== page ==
Conscience and Compass: A Jewish Philosophy of Personal Responsibility

“Man is condemned to be free,” stated French philosopher Sartre. Judaism is in accord. For if we weren’t free agents, then we would have neither a moral footing to abhor serial murderers and rapists, nor the validity to praise the righteous and the just. Sadly, many people perpetrate what psychologist Fromm called “Escape From Freedom.” And philosopher Rousseau added: “Man is born free, yet everywhere he is in chains.”

Indeed, many of us cede our God-given autonomy and freedom, and subjugate ourselves to external norms and societal expectations. We willingly take on the idolatrous shackles of blind cultural conformity. That’s why the Torah cautions us (Exodus 23:2) “Not to follow the majority to perpetrate evil.” According to Rabbi Umberto Cassuto, this verse calls upon us to “swim against the current,” when those around us adhere to actions which violate our conscience. This is what Moses did, when he looked back and forth and then took action, after he saw that no one was taking action to salvage a Hebrew slave from ferocious abuse by an Egyptian officer. Moses, still the “Prince of Egypt” at this point, did “not follow the majority to perpetrate evil.” Abraham and Sarah, the quintessential couple of faith, also did “not follow the majority to perpetrate evil,” when they exhibited supreme moral and spiritual courage, by taking on the hegemonic idolatrous civilization of the ancient Near East, in a solitary and revolutionary fashion.

On the international level, during the Evian Conference of 1938, it was the Dominican Republic of all countries, which “followed not the majority to perpetrate evil,” when it agreed to take in thousands of Jews out of Nazi Germany, whilst the world’s leading powers, including France, Britain and the USA, were reluctant to do so. The Jewish-American psychologist Stanley Milgram demonstrated in various experiments conducted after the Holocaust, how most of us, including here in America, tend to “follow the majority to perpetrate evil,” due to peer pressure or institutional authority.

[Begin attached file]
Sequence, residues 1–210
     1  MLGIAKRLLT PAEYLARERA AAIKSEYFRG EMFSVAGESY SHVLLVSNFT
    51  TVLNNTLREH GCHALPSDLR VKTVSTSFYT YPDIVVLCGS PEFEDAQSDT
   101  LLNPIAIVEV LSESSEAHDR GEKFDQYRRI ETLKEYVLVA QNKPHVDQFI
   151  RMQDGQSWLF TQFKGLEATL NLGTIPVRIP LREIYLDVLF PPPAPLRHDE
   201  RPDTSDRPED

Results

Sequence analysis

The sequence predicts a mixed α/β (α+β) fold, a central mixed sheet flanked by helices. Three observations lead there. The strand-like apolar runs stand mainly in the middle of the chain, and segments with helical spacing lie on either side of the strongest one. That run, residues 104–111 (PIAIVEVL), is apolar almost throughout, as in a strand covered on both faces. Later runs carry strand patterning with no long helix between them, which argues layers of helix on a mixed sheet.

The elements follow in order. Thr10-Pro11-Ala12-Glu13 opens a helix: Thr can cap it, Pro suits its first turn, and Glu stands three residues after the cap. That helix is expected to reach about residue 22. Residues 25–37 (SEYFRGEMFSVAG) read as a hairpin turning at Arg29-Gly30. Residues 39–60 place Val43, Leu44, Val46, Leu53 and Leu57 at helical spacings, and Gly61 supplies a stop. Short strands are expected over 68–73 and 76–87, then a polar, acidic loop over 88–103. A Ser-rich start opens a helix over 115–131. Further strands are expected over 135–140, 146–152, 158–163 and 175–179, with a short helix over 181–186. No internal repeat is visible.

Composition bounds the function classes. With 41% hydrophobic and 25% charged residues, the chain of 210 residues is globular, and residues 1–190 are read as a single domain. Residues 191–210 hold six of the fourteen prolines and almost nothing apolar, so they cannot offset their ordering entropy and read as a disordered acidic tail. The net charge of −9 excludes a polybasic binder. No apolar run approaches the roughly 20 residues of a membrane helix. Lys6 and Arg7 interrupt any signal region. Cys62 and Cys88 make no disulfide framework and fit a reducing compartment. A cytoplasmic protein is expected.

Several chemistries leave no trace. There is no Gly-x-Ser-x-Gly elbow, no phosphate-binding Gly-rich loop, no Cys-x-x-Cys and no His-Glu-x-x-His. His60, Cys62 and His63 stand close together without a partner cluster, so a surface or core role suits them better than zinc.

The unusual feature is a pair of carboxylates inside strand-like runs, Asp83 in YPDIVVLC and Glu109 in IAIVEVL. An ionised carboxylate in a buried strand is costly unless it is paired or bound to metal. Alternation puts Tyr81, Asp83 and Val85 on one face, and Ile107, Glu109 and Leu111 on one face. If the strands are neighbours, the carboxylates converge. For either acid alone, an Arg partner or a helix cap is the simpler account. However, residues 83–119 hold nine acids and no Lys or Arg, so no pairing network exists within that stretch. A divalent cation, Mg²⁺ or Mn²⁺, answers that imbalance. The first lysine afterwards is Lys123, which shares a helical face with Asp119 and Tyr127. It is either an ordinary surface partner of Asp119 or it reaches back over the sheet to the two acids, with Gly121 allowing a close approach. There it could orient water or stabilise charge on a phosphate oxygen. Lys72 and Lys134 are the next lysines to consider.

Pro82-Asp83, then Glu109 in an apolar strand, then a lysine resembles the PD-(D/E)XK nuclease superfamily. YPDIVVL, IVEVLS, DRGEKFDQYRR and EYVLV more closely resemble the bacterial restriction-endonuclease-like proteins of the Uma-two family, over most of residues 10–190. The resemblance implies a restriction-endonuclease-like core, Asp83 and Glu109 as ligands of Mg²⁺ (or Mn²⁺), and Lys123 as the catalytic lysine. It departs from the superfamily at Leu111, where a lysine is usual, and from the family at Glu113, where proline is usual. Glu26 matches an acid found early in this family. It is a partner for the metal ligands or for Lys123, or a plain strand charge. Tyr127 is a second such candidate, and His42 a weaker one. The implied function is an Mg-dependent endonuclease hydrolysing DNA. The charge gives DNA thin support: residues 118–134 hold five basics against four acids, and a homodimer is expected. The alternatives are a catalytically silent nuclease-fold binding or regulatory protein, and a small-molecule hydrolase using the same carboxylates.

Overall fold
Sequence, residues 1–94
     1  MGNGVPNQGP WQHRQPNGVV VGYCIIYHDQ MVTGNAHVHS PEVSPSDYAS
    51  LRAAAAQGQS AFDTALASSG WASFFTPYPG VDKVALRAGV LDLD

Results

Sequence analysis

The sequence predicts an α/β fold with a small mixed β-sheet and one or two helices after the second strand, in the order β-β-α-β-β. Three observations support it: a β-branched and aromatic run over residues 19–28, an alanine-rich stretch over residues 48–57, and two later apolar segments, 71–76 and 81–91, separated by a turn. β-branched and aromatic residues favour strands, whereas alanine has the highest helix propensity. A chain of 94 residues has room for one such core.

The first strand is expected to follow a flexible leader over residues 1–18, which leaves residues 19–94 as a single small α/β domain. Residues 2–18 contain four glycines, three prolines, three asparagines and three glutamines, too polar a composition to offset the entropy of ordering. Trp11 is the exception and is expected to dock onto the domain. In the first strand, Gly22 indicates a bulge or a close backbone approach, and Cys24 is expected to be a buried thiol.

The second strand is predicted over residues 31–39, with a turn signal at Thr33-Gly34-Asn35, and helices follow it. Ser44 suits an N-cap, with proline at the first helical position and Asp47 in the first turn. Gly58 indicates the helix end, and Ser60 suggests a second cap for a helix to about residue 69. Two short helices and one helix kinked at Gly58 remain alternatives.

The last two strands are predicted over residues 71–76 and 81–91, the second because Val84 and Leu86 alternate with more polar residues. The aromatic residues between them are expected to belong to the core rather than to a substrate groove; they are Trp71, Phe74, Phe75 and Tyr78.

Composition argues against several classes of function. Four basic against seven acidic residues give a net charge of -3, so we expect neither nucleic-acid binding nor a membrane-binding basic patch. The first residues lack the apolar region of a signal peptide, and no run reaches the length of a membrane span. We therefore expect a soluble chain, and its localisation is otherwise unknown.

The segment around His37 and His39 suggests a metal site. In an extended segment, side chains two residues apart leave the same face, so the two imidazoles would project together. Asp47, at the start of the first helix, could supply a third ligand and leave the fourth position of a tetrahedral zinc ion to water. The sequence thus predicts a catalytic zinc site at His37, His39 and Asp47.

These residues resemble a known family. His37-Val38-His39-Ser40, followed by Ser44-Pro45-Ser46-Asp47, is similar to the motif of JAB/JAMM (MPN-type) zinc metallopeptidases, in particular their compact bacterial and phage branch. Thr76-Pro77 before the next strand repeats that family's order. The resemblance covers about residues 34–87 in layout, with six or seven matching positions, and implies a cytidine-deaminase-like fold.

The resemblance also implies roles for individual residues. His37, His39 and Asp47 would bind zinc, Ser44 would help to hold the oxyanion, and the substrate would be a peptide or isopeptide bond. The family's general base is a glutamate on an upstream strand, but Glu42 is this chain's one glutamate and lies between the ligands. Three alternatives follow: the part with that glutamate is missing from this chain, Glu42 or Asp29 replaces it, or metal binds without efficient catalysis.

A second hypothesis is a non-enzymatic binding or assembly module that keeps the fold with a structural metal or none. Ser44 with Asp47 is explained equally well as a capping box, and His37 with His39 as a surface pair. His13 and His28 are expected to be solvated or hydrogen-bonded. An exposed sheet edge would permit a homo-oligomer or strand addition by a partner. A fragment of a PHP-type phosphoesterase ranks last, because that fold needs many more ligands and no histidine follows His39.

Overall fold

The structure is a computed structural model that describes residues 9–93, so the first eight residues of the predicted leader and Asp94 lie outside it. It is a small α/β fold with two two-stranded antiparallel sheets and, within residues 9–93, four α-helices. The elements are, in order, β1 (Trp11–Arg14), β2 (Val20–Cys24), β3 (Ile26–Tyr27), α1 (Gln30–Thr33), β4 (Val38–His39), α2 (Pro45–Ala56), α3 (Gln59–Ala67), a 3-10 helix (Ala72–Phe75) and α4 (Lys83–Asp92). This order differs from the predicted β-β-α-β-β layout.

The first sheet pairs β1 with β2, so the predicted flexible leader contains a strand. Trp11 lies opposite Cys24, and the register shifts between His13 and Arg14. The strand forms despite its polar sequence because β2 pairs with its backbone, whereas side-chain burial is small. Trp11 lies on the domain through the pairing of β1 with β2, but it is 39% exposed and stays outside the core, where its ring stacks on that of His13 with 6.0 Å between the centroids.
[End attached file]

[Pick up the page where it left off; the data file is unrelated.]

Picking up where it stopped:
Throughout Jewish history, innumerable civilizations attempted to coerce Jews “to follow the majority to perpetrate evil,” and commit spiritual and moral actions which are incommensurate with Jewish values. Jews were coercively challenged “to follow the majority to perpetrate evil,” – from the days of the Syrian-Greek Empire some 21 centuries ago – all the way to murderous Soviet Stalinism merely some seven decades ago. And yet, numerous Jews remained faithful to the Torah’s timeless dictum not to blindly follow the cultural or political majority, when it stands in sharp contrast to our fundamental human and Jewish values.

In Nietzsche’s sagacious words, Judaism expects each and every one of us to be a “sovereign individual,” who independently thinks for oneself. I leave you today with the timeless words of Rabbi Israel Salanter, words which loom large in the context of steadfastly refusing to blindly “follow the majority to perpetrate evil”. Says the great and exemplary Rabbi Salanter: “Those who have truth on their side constitute the majority, even if they stand solitary and alone.” For when you stand up for truth and decency, even if no mortal of conscience is there by your side, you are still not alone. For the divine presence dwells there with you and within you, in “moral grandeur and spiritual audacity.”

Shabbat Shalom
Rabbi Sessler

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